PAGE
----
The funny thing about evolution is how it purports to provide a naturalistic explanation for life but makes assumptions that are contrary to observable laws of nature.
I should be more specific. Evolution not only purports to provide a naturalistic explanation; it IS a naturalistic explanation. Whether it’s the correct explanation–or even an adequate explantion–that’s another question.
The thing is, evolution depends on life forms becoming more diverse, more complicated, and more specialized over time. Thus, an amorphous blob can eventually grow into something really interesting, such as a swan, a person, or a hippopotamus (speaking of amorphous blobs). But this contradicts so much of what we see in nature. While we do observe blobs becoming individuals, we only observe this as part of a natural progression from embryo to adult–in which event, the complexity is already present in the DNA. Left to nature, individual bodies lose their complexity and revert to chemicals, bacteria fodder, and future petroleum reserves. Lay an elegant five-course meal next to an anthill, and in the fullness of time, you’ll have nothing but a full nest of ants.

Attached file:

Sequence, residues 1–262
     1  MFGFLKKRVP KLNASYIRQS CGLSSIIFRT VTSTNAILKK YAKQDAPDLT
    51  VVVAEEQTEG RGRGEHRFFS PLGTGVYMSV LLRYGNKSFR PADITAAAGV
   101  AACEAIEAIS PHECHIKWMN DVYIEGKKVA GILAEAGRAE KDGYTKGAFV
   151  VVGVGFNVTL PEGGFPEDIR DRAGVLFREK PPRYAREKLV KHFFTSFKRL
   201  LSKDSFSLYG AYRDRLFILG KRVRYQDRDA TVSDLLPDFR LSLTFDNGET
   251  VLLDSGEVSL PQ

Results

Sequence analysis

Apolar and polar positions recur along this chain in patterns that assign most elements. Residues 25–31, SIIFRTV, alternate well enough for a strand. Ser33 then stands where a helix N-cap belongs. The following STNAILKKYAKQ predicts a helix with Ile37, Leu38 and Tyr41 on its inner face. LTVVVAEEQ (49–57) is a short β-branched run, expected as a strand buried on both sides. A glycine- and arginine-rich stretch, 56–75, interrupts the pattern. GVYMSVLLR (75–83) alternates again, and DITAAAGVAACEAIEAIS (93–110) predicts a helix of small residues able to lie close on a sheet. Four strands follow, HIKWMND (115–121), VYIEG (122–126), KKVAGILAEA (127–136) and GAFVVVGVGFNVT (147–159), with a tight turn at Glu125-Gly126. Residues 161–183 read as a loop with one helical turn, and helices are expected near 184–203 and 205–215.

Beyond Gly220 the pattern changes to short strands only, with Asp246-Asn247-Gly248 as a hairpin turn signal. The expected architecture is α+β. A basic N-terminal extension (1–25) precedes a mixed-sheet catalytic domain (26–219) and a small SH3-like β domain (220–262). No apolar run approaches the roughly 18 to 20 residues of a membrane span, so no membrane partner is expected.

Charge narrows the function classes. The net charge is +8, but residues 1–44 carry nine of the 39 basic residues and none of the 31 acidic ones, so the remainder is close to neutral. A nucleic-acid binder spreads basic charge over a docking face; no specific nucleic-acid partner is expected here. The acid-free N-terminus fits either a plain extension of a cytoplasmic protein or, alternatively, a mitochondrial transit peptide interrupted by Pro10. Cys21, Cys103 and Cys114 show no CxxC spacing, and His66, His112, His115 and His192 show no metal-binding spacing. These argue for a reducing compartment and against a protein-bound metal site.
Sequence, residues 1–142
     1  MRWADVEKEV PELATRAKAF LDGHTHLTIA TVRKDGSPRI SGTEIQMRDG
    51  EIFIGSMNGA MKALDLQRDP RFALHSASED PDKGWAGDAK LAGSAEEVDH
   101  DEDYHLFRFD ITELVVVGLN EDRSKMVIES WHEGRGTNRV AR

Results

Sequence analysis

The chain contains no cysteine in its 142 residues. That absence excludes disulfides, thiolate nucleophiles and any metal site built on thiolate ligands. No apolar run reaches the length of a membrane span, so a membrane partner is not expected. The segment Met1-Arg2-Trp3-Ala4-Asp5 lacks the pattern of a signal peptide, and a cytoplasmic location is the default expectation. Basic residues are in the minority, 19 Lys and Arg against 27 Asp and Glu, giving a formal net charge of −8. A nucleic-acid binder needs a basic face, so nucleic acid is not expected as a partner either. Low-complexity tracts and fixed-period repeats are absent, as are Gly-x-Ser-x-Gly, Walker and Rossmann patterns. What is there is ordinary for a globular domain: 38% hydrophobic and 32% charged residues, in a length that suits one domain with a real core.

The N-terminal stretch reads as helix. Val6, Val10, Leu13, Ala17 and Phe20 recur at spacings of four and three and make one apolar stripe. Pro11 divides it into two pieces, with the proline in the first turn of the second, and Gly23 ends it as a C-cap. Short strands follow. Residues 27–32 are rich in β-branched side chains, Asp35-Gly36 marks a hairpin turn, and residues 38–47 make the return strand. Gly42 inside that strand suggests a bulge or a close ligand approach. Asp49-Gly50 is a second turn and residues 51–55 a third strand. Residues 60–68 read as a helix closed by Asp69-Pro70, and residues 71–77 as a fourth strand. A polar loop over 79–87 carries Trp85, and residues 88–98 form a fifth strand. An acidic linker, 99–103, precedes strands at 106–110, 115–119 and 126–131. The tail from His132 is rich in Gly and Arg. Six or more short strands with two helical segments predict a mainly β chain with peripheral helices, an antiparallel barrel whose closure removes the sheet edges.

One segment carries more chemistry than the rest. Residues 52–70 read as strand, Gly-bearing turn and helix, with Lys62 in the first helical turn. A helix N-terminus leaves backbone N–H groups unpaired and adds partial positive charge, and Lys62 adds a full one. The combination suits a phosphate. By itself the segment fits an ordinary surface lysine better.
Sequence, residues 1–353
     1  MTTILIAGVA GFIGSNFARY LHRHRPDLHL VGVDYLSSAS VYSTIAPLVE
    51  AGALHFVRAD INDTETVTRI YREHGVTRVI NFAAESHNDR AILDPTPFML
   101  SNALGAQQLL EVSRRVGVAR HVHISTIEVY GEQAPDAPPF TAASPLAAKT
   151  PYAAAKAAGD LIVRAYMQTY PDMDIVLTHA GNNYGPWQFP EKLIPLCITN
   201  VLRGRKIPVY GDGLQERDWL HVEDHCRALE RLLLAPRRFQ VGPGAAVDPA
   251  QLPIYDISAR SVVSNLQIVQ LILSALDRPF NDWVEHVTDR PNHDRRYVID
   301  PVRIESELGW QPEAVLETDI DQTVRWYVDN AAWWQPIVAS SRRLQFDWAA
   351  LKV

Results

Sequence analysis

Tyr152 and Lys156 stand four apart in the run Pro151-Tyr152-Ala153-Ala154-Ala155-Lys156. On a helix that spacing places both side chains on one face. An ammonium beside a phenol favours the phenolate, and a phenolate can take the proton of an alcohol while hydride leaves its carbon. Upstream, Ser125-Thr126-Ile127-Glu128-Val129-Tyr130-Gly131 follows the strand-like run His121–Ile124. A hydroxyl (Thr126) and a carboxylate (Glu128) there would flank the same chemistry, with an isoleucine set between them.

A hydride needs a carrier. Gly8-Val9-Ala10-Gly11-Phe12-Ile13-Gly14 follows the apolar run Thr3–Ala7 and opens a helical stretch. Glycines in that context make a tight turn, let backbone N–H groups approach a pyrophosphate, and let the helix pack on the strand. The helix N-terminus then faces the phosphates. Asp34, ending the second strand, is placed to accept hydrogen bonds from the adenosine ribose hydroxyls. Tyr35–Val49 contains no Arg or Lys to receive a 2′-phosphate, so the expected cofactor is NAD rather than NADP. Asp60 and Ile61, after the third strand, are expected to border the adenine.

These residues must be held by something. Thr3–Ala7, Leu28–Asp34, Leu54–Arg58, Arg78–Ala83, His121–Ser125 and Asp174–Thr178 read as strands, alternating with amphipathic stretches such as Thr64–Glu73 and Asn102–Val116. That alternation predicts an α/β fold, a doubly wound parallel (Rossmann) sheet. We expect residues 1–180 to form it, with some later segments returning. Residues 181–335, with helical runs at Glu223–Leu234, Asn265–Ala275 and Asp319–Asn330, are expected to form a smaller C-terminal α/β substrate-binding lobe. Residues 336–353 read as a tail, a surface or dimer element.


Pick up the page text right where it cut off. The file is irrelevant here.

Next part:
(Of course, if evolution is true, why does it matter if some species go extinct, or if invasive species take over an ecosystem? Obviously, it’s merely a matter of waiting for a new species that is well-suited for the new environment to arrive and replace the extinct ones. Invasive species? Well–as the “fitter” species, it has a right to take over, doesn’t it?)
And just try building something–a house, a car, or for that matter a road–and see how long it takes for nature to turn it back into its constituent elements, or at least render it unfit for use.
That’s not to say that nothing evolves into more and more complexity. The fact that I am typing this and (hopefully!) someone is reading it is a testament to our world’s increasingly complex informational infrastructure. Ask any do-it-yourself car mechanic whether cars have become more complicated or less complicated over the last fifty years. And just try reading a VCR manual these days–or, I should say, a DVD manual. Even societies can become more complex and sophisticated.
So things can evolve into increasing complexity…the trouble is, it would evidently require a certain amount of intelligence to achieve each incremental gain…which sort of puts the idea of atheistic evolution back to square one.